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Lupus. 2009 Aug;18(9):813-21. doi: 10.1177/0961203309104391.

Long-term follow-up after non-myeloablative transplant of bone and marrow in BXSB mice.

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Section Pediatric Rheumatology, Department of Pediatrics, Walter Reed Army Medical Center, Washington, DC 20307, USA.


We present long-term outcomes of BXSB mice after non-myeloablative bone marrow transplants using major histocompatability complex (MHC)-matched cells. Groups differed in sources of donor lymphocytes or mesenchymal stromal cells (MSC). Unfractionated marrow cells from green fluorescent protein (GFP) transgenic (Tg) mice (BMT group) or from RAG1-/- B6 mice (RAG group) were injected intravenously (i.v.) into irradiated (550 cGy) hosts. As a source of mesenchymal cells, bone chips from GFP-Tg were injected intraperitoneally alone (MSC group) or along with i.v. bone marrow cells (BMT + MSC group). Controls were untreated mice (UnTx) or mice exposed to radiation only (Rad Cont). At 62 weeks post-transplant, surviving mice were harvested for histopathology, flow cytometry and real time polymerase chain reaction (RT-PCR). The mice from BMT + MSC group had the best outcomes for survival rates (71.4% vs. 43.8%), renal scores (2.9% vs. 28.8% glomerular sclerosis) and percent splenic monocytes (4.2 vs. 11.3%) compared with mice from Rad Cont. Improvement in RAG and BMT groups was less prominent but were comparable with one another. Although MSC alone were not sufficient to control the renal pathology, it limited the expansion of CD4(-)CD8(-) T cell populations without a change in Foxp3 expression. The results suggest the importance of the innate immune system in disease pathogenesis and a role for MSC in immunomodulation.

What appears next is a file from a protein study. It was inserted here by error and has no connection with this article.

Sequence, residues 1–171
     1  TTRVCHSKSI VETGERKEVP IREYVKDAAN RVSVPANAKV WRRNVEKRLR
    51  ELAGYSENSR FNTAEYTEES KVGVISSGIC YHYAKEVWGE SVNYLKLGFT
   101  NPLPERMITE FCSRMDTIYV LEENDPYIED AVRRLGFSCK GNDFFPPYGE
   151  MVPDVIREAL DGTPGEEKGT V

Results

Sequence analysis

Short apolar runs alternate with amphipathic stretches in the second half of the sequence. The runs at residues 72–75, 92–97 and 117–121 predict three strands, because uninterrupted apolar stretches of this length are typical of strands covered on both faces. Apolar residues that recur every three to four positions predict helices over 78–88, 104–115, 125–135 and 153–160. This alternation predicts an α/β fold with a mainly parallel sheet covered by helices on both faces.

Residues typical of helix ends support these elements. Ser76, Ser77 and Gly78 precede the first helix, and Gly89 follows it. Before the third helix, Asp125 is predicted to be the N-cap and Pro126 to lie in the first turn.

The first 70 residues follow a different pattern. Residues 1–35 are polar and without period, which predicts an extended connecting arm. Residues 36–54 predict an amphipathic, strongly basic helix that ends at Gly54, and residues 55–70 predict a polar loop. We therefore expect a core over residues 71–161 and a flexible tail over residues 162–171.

[Indexed for MEDLINE]

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